Weekend Reads: Identity Theft Alert, Unretirement, & The Glass Cage
As the Holiday Season comes into full swing, take some time for yourself to sit back, relax and curl up with a good book by the fire. Make sure a full cup of hot chocolate is next to you.
Your credit card was declined. Not sure why – you paid your bill and you got the expiration date correct. So, what gives? This tiny scare makes you think about your personal safety. Find out what you can do to keep safe by reading “Identity Theft Alert” by Steve Weisman. “Identity theft is one of the most pervasive and insidious crimes of today,” Weisman says; in fact, more than 12 million people became victims last year. So what can you do to avoid joining them? Weisman lists the ways…Online, use strong passwords and encryption and beware of sites you visit. Never open a link in an email unless you’re certain it’s “legitimate,” and have your antivirus program up-to-date at all times. By the way, Mac users shouldn’t feel safe anymore; hackers are purposefully creating Mac viruses now. We think this is a book to read and refer to often. Buy “Identity Theft Alert,” highlight it, flag it, heed it, and you may avoid the worst this season. Why would you decline? Available for purchase here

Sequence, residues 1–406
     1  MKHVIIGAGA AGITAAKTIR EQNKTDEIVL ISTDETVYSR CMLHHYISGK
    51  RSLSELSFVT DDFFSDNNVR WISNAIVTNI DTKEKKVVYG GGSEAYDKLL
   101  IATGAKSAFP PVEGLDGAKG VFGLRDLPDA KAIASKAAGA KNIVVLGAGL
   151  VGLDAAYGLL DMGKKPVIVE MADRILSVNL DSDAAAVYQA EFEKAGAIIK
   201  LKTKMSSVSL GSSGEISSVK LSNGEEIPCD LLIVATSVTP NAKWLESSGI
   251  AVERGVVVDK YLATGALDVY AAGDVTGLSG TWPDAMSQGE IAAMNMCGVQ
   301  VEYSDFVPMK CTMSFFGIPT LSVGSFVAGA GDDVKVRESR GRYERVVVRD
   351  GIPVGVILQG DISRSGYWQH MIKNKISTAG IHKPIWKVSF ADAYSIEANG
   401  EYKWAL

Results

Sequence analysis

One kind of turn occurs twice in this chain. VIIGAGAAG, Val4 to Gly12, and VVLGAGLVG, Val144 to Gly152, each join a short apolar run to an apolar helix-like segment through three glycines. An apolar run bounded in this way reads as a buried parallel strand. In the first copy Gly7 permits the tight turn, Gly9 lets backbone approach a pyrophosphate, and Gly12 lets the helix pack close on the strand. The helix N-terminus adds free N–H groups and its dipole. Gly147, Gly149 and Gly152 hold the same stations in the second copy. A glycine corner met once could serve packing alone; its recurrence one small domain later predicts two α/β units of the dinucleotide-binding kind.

For much of your employed life, you dreamed about not having to work. Retirement would be great. It would stretch out for years, a horizon with no alarm clock and no deadlines. What will you do with it? Chances are, says author Chris Farrell, believe it or not, you’ll go to work. And in his new book “Unretirement: How Baby Boomers Are Changing the Way We Think about Work, Community, and the Good Life” he says you’ll do it because youwant to, not because you have to. He says that Boomers’ “last third of life is being reimagined and reinvented into ‘unretirement.’” They’re seeing work in a whole different way: the rate of senior entrepreneurship is up, and so is gradual retirement. They’re staying on the job longer, are finding second (or even third) careers, or are volunteering. A very interesting read and could be a great holiday gift. Available for purchase here.
There are hundreds of activities you do without thinking: driving, riding a bike, buttering your toast, reading this review. Psychologists call that tacit knowledge; they’re things you had to learn, but now do automatically. For these type of activities, if you could describe step-by-step directions to complete these acts, that’s called explicit knowledge. Author Nicholas Carr states in “The Glass Cage,” that computers are starting to complete daily mundane human acts that have become automatic to us. However, more and more professionals are relying on to much on the accuracy of these devices and that could lead to “automation complacency… when a computer lulls us into a false sense of security.” Available for purchase here.
Contributions: Terri Schlichenmeyer / The Bookworm Sez, LLC